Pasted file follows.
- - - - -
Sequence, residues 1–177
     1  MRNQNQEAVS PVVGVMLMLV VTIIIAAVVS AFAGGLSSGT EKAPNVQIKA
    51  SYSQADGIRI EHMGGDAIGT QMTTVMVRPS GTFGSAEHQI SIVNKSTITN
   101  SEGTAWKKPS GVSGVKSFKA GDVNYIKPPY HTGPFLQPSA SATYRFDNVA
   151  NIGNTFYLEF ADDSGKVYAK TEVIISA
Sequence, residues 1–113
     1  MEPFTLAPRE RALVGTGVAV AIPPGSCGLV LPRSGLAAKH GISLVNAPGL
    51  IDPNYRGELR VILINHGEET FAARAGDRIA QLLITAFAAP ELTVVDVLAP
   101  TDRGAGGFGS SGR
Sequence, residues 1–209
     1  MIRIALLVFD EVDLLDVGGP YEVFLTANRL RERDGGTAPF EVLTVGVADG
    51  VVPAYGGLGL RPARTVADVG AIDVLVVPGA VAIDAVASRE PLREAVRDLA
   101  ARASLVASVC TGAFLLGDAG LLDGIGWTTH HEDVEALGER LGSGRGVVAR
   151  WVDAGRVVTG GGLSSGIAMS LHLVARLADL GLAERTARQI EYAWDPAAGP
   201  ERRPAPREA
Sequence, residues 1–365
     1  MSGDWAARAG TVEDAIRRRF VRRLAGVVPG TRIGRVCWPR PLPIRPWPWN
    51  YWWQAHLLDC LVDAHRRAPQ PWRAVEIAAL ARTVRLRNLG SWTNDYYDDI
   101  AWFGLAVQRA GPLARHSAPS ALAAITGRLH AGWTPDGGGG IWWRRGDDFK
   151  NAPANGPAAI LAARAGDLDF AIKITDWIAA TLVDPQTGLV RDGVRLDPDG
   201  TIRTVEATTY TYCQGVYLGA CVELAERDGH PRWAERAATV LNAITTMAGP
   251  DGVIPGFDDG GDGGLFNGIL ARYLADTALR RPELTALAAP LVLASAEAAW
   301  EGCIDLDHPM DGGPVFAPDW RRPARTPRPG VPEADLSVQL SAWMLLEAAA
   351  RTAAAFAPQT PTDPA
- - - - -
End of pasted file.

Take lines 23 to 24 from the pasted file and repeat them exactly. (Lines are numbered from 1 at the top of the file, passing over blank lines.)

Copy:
   301  EGCIDLDHPM DGGPVFAPDW RRPARTPRPG VPEADLSVQL SAWMLLEAAA
   351  RTAAAFAPQT PTDPA